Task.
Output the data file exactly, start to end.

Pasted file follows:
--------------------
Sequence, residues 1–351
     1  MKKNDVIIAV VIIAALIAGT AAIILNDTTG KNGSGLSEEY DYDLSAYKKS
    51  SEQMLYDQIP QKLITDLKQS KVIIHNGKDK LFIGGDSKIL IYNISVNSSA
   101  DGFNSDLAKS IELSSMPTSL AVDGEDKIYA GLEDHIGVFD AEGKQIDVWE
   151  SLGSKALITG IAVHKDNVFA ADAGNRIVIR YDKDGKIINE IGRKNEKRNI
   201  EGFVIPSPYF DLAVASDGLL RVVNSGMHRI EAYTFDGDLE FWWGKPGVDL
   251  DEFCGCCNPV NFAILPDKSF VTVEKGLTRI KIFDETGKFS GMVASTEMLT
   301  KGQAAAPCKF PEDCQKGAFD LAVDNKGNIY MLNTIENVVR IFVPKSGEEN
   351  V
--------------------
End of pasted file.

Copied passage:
Sequence, residues 1–351
     1  MKKNDVIIAV VIIAALIAGT AAIILNDTTG KNGSGLSEEY DYDLSAYKKS
    51  SEQMLYDQIP QKLITDLKQS KVIIHNGKDK LFIGGDSKIL IYNISVNSSA
   101  DGFNSDLAKS IELSSMPTSL AVDGEDKIYA GLEDHIGVFD AEGKQIDVWE
   151  SLGSKALITG IAVHKDNVFA ADAGNRIVIR YDKDGKIINE IGRKNEKRNI
   201  EGFVIPSPYF DLAVASDGLL RVVNSGMHRI EAYTFDGDLE FWWGKPGVDL
   251  DEFCGCCNPV NFAILPDKSF VTVEKGLTRI KIFDETGKFS GMVASTEMLT
   301  KGQAAAPCKF PEDCQKGAFD LAVDNKGNIY MLNTIENVVR IFVPKSGEEN
   351  V